Pro-democracy protesters in Hong Kong who were charged with rioting appeared in court Wednesday, setting the stage for further unrest in a weeks-long crisis that has rocked the global financial hub.
The announcement that 44 people had been charged with rioting - an offence that carries a jail term of up to 10 years - immediately triggered another round of clashes late on Tuesday night between police and protesters.
Supporters of those charged continued to voice their outrage as they stood outside court on Wednesday morning, braving heavy winds and rain, before the proceedings started.
“Release the righteous... no rioters, only tyranny... reclaim Hong Kong, the revolution of our times,” they chanted.
Four of those charged appeared before a judge on Wednesday morning, then proceedings were adjourned, according to an AFP reporter at the court.
The southern Chinese city has endured more than seven weeks of unrest that began with a government bid to introduce a law that would have allowed extraditions to mainland China.
The protests evolved into a movement for deeper democratic reforms and an end to eroding freedoms, in the most significant challenge to Beijing’s rule since the city’s handover from Britain in 1997.
In the latest confrontation, police used pepper spray and batons against hundreds of protesters who had gathered outside a police station in solidarity with the 44 who had just been charged.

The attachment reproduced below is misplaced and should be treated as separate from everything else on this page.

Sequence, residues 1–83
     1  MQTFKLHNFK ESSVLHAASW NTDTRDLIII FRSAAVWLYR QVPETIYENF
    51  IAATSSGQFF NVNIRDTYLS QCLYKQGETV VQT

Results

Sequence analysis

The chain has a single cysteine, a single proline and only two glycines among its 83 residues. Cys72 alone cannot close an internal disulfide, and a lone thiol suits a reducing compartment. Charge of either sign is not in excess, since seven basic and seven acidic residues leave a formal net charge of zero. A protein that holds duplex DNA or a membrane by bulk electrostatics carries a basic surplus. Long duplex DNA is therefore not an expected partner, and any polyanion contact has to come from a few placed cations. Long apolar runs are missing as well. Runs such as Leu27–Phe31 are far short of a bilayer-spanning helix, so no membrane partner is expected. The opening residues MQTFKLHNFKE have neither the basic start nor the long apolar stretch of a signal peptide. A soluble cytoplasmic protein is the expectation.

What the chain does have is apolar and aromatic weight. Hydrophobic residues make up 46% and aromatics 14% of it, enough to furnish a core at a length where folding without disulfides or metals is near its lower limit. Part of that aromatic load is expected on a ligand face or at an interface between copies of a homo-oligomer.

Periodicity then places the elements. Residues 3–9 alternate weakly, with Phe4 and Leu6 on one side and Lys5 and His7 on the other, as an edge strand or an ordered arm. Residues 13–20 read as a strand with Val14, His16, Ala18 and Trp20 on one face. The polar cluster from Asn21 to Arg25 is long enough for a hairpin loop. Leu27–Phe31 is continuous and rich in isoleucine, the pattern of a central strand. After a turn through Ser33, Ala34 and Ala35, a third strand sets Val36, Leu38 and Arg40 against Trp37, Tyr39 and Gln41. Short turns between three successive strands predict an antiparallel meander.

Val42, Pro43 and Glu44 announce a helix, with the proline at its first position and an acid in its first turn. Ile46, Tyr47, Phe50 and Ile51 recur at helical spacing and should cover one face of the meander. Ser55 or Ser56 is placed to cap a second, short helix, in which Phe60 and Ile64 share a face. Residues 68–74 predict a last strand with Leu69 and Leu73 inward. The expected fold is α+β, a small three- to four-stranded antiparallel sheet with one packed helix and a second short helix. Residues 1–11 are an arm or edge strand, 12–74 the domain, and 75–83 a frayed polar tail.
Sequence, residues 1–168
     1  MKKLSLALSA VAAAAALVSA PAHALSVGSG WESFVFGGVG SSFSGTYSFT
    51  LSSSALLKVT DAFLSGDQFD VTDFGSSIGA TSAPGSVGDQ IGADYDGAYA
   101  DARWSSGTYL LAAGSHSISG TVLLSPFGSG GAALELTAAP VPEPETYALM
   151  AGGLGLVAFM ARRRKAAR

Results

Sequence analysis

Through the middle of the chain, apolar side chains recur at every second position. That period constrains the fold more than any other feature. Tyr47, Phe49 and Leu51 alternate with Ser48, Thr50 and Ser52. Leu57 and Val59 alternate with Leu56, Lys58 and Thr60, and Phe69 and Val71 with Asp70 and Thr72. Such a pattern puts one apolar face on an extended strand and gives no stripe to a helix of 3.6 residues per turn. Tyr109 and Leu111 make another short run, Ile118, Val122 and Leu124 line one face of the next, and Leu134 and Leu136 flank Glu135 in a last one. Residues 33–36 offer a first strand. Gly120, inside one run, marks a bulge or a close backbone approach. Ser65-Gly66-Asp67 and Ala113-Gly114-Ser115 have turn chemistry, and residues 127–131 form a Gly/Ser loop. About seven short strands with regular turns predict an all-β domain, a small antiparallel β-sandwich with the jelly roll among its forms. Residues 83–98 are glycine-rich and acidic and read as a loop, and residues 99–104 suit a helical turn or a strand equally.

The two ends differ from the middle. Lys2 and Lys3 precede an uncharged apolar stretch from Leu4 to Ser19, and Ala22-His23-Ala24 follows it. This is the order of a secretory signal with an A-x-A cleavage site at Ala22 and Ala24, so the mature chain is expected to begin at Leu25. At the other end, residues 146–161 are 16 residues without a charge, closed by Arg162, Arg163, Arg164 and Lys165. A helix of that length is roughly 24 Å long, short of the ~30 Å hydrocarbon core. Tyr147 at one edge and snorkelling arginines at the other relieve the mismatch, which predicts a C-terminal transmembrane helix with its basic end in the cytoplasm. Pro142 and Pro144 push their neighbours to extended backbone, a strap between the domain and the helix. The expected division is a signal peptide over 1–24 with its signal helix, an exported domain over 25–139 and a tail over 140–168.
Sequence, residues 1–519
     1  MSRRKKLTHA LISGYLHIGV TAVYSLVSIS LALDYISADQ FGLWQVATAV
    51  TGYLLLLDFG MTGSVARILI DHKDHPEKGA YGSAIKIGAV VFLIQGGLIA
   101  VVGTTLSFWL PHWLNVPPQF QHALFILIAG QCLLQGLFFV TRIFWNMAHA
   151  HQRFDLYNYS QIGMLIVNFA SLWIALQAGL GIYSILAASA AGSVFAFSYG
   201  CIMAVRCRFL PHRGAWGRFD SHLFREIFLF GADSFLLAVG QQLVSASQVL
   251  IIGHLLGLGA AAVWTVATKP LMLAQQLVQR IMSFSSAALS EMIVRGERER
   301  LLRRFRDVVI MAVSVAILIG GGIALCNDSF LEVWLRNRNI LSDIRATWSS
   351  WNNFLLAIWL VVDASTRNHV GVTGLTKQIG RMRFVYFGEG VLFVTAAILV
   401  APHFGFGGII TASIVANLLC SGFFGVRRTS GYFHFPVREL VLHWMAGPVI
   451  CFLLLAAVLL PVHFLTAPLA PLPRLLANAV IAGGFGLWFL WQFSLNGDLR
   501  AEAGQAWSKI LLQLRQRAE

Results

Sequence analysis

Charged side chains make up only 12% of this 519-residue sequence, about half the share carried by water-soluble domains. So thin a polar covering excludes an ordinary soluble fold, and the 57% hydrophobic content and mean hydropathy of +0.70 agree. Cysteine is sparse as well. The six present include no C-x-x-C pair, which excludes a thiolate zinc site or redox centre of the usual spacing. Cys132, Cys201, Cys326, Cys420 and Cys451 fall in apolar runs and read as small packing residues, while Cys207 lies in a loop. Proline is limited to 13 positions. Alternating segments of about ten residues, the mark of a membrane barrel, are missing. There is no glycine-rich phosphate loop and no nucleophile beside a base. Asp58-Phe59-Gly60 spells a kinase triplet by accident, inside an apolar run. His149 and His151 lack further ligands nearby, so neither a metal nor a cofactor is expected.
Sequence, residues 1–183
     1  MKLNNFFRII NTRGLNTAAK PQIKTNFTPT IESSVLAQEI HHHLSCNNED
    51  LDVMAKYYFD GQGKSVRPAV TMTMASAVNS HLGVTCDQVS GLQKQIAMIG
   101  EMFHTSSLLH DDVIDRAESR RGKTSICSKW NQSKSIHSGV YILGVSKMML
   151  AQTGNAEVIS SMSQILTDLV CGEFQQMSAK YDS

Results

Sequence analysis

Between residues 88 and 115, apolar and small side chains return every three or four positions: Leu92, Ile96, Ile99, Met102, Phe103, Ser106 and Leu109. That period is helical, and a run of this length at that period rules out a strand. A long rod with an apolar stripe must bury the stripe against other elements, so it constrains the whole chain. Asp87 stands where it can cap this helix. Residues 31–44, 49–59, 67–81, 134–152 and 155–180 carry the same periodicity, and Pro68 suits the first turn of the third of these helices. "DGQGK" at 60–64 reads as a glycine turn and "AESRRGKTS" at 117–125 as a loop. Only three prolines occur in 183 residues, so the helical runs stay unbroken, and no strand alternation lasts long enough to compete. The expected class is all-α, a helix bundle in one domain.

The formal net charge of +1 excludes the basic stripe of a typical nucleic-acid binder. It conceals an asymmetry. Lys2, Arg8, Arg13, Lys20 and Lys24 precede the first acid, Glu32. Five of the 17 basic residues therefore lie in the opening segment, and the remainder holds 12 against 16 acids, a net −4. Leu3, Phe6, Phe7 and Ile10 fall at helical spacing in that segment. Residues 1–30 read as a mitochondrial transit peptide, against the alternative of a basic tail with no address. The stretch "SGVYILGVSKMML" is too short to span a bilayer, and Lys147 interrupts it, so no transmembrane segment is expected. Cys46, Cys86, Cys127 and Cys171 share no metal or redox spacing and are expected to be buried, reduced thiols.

Footage broadcast live on television showed an officer aiming a shotgun at protesters who were throwing objects at him.
The past two weekends have seen a surge in the level of violence used by both protesters and police, who have repeatedly fired rubber bullets and tear gas to disperse projectile-throwing crowds.
A mob of pro-government thugs also attacked protesters, putting 45 people in hospital.
The move to charge the 44 protesters with rioting came a day after Beijing publicly threw its weight behind Hong Kong’s unelected leader Carrie Lam and the police, saying violent protesters must be swiftly punished.
“No civilised society or rule of law society will tolerate rampant violence,” Yang Guang, spokesman for the cabinet-level Hong Kong and Macau Affairs Office, told reporters.
But while Beijing has issued increasingly shrill condemnations of the protests, it has left the city’s government to deal with the situation.
Lam has shown no sign of backing down beyond agreeing to suspend the extradition bill, and has made few public appearances.
Protesters have vowed to keep their campaign going until their core demands are met.
They include the resignation of Lam, an independent inquiry into police tactics, an amnesty for those arrested, a permanent withdrawal of the bill and the right to elect their leaders.